FJO: Despite important music happening all over the country, a large part of the music business, especially for concert music and jazz, is centered in New York City. As a lifelong New Yorker, moving to the West Coast in some ways seems the major life change in all of this. How will having a California base affect your outlook on national issues?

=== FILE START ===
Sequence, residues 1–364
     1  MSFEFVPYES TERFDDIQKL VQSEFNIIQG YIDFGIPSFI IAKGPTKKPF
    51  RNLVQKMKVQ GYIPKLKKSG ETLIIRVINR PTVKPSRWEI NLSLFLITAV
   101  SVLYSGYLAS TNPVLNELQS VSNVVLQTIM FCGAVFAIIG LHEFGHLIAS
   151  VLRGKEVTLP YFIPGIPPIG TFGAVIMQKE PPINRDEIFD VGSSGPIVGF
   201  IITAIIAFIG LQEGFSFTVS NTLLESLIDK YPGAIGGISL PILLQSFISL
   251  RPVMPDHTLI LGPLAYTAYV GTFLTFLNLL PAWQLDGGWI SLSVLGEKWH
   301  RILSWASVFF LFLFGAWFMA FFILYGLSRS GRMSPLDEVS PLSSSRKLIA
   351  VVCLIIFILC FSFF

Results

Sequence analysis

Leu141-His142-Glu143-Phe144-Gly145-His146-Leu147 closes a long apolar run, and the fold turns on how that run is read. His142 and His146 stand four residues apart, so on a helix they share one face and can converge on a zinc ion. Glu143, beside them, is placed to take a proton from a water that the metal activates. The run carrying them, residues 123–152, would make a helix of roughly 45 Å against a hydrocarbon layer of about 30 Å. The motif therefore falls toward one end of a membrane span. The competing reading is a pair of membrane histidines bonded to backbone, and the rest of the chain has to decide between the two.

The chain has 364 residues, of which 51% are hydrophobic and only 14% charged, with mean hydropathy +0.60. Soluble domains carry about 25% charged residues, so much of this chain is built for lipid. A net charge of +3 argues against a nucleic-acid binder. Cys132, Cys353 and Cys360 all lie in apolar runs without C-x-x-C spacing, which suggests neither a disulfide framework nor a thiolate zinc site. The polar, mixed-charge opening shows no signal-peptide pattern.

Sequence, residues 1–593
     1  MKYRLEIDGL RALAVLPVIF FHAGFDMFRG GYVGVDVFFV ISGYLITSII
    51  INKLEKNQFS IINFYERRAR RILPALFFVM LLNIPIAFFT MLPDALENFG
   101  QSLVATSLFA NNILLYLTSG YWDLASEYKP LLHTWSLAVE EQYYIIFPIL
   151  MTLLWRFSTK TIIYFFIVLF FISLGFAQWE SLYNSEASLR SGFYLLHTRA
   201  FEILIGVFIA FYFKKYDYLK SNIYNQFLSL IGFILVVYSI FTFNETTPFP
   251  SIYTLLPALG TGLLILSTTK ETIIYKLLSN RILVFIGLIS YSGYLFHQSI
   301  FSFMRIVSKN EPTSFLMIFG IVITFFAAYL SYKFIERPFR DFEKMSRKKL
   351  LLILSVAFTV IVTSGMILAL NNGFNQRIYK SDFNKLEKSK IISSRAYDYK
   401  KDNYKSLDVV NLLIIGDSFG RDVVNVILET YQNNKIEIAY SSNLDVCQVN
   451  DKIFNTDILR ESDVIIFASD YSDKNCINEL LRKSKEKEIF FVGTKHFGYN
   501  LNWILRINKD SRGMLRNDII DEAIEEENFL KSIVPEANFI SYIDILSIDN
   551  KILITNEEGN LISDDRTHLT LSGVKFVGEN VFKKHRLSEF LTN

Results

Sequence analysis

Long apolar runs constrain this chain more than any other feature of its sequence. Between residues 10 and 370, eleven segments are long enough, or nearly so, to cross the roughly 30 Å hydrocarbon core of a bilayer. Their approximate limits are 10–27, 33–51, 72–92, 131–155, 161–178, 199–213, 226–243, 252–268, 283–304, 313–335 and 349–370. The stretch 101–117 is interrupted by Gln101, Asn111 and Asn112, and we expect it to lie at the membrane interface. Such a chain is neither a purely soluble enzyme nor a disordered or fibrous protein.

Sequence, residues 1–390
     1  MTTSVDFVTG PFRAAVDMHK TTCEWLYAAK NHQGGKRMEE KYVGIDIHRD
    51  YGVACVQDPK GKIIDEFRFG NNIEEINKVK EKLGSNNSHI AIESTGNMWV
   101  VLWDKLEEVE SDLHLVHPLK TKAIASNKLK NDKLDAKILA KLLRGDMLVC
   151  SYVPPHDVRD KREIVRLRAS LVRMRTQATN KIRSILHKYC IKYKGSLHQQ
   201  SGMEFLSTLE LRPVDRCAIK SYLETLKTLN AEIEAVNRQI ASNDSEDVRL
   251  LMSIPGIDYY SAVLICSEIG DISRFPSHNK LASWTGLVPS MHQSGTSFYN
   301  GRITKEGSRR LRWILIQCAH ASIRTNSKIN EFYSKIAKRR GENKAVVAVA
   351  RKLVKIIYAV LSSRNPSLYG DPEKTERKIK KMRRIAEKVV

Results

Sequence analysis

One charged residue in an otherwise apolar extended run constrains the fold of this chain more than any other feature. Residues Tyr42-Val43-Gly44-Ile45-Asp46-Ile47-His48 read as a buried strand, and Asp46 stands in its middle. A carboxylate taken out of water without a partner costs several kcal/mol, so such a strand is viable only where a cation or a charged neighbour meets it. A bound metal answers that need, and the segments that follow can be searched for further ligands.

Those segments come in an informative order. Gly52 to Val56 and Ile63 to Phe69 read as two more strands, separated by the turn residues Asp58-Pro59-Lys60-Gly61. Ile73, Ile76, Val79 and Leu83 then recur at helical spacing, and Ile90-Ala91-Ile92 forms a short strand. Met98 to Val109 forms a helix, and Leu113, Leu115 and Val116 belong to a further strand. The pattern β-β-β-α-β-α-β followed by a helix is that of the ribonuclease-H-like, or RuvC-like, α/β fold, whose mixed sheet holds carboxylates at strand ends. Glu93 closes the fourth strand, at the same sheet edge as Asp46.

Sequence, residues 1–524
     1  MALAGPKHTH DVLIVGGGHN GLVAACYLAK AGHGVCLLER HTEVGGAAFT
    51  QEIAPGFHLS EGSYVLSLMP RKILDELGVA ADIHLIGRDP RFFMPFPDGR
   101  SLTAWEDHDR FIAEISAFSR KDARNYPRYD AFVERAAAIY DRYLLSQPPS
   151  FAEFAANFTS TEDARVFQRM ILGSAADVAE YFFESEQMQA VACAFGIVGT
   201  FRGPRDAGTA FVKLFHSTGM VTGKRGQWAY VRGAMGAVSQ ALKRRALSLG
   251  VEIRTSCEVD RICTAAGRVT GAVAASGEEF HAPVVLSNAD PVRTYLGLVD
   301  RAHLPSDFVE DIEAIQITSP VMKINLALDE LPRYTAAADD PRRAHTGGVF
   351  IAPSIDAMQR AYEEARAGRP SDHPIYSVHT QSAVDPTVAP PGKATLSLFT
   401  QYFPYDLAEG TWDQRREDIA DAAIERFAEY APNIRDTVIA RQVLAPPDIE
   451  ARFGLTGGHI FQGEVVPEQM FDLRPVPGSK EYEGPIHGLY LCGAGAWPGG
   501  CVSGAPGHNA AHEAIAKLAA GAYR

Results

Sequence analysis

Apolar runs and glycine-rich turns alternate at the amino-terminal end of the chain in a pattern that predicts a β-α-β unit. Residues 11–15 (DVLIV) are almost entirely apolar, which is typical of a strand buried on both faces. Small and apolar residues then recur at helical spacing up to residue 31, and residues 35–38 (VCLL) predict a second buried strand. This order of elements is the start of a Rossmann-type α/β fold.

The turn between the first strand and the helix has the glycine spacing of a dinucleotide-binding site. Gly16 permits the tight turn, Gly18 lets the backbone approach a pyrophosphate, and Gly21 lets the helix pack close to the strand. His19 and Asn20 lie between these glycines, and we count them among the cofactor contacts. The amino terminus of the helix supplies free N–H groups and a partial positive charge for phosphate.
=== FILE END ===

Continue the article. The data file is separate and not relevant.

JB: This is an enormous shift for me and for my family. But my travels on behalf of B&H, as well as the scope of our business, have continually reminded me that a great deal of the most inspired music-making happens far from the obvious urban centers. You’ll remember my letter and email campaign about the Winnipeg New Music Festival in the 1990s! My instinct has always been to cast my net widely to study different types of music making and conditions for concert presentation. So, although moving to the West Coast is an enormous change, the impetus for my research, fact-finding, and programming examples will continue to be beyond the urban setting and beyond our shores, as well. One of the many wonderful things about moving to this part of California is that there is a very sophisticated, engaged audience for the arts. I will miss the sheer volume and simultaneity of the arts that simply is the New York cultural landscape, but I am certain that being outside New York will refresh my thinking in ways I can’t yet even imagine. This is the reason why so many creative artists have gravitated to California—the fresh canvas. I confess that this appeals to me as well.